The yoga reference is to what I read someone saying how their child could sit and meditate for quite some time without getting the urge to move around. I guess it is just more a gentle/kinder approach to teaching a child to be able to concentrate for long periods. I would prefer to use more loving methods to get children to behave well (not that I’m perfect at that). I guess it is the spanking vs verbal discipline vs persuasion. The ideal is using persuasion. So I see yoga as a way to get to the child to behave in a persuasive manner instead of verbal (or visual) discipline. I guess, I meant too that if a child can voluntarily do it then there is no reason a child could do it in church. I wish I could remember how old that child was.

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  36. Nick Literski on May 7, 2012 at 11:12 AM

    We need to be clear that misbehaving toddlers are not the problem. Rather, inconsiderate parents who refuse to monitor/restrain/correct their toddlers are the problem.

    I can’t begin to count the times I’ve been in a moderate-level restaurant and observed parents who were either (a) entirely oblivious to their children’s misbehavior, or (b) somehow thought their little darlings were entitled to scream at the top of their lungs or engage in other behavior to disturb other restaurant patrons.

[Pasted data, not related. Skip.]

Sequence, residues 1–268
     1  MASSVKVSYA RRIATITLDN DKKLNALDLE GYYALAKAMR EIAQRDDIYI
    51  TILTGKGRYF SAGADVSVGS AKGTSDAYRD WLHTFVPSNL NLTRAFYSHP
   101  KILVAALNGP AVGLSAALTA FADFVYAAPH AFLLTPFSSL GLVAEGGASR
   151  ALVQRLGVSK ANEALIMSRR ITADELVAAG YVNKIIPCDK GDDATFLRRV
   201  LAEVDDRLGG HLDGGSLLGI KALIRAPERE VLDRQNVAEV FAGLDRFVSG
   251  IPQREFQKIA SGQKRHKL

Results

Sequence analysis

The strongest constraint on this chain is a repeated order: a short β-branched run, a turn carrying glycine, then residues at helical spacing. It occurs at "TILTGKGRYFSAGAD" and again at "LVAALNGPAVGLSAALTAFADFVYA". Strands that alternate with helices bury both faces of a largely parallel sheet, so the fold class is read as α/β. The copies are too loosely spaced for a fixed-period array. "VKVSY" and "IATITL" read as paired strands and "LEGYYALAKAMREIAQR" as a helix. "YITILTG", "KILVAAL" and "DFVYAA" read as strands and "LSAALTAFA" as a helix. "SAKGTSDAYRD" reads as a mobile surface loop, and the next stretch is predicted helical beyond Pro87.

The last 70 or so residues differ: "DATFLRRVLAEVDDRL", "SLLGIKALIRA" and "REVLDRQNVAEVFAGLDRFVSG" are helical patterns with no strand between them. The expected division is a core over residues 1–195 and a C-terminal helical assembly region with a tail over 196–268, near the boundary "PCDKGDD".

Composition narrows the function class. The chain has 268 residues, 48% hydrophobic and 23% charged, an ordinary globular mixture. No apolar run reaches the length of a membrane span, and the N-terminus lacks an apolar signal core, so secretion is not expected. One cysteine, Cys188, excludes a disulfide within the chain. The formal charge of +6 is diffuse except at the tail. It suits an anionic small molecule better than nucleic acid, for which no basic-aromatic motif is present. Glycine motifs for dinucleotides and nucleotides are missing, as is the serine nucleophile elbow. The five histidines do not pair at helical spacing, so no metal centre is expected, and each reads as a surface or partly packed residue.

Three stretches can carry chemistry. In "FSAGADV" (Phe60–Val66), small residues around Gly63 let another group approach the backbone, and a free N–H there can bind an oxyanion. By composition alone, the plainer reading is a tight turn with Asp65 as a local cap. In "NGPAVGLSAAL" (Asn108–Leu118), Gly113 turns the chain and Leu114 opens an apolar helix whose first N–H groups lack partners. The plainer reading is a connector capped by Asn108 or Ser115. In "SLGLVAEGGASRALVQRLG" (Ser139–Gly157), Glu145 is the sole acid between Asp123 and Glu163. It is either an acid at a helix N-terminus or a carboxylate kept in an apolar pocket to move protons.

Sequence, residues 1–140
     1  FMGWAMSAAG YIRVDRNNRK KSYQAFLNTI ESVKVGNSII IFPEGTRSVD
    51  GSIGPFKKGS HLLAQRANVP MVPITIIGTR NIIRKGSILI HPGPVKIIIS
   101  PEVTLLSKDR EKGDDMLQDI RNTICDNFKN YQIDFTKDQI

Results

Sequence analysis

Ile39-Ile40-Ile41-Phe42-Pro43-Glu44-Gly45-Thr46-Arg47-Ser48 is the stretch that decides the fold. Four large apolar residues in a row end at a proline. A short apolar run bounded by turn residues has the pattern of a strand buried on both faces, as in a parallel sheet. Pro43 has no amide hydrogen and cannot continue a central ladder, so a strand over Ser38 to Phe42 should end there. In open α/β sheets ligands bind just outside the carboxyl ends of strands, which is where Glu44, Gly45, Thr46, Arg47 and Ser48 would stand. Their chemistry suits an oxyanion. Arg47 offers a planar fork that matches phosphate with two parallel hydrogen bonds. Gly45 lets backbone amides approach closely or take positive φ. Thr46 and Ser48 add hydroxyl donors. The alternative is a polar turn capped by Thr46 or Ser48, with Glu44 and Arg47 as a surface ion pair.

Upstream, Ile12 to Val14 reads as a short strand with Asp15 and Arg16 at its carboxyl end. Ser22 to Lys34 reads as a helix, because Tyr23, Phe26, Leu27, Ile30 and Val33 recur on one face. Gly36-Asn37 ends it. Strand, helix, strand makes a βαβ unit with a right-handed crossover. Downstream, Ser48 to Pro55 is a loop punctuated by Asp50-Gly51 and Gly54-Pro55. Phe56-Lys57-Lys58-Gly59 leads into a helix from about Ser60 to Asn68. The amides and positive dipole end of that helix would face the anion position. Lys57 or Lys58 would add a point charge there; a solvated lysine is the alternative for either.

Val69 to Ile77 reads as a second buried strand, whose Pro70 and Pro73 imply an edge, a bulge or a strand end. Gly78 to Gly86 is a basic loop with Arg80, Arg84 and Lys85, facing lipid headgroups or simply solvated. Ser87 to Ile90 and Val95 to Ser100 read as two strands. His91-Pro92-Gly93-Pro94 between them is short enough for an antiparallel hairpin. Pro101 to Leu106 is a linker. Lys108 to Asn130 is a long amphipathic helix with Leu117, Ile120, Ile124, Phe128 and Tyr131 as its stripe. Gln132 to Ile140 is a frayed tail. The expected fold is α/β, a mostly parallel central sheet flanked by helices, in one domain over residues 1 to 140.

At times, I’ve observed as these outrageously inept parents let their children wander the restaurant at will, while they obvliviously chatted and enjoyed their own meals. Too often, I’ve seen these untended children approach and bother other restaurant patrons, only to have their alleged “parents” become angry and indignant when anyone dared complain. More than once, I’ve seen toddlers open the front door of small restaurants, and actually attempt to leave, while their “parents” weren’t paying any attention. I’ve gotten up from my own table and rescued these kids from stepping out into traffic, only to have the “parents” become angry with me when I brought the situation to their attention.

    There’s simply no excuse for this sort of behavior on the part of parents. I raised five daughters, and I would never have imagined allowing one of them to scream, disturb other restaurant patrons, or wander around in a restaurant. Instead, when I took my children out to dinner, other patrons tended to approach my table to comment on how well-behaved my children were. All that took was a bit of actual parenting, rather than a refusal to place limits and boundaries on one’s children.

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  37. Toni on May 7, 2012 at 11:54 PM

    For those who were discussing whether child-free restaurants exist/are legal, here is an article that mentions a few child-free restaurants.

    http://www.travelandleisure.com/travel-blog/carry-on/2010/3/4/child-free-dining-the-blissfully-silent-trend

    Bratty kids are obnoxious in any place, but in my experience, most kids seem to be just fine in restaurants.

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  38. Bob on May 8, 2012 at 1:26 AM

    #37: Toni,
    It sounds the article is talking about restaurants outside the US(?), or, ones who only ‘recommend’ no kids, or who have ‘areas’ within the restaurants that are child free.

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  39. AndrewJDavis on May 8, 2012 at 4:21 AM

    Re Mike S. #20 — I don’t really think it’s any more egocentric of a view than the idea that someone deserves the right to total silence in a public space. Either viewpoint is making the same argument: my wants > your wants.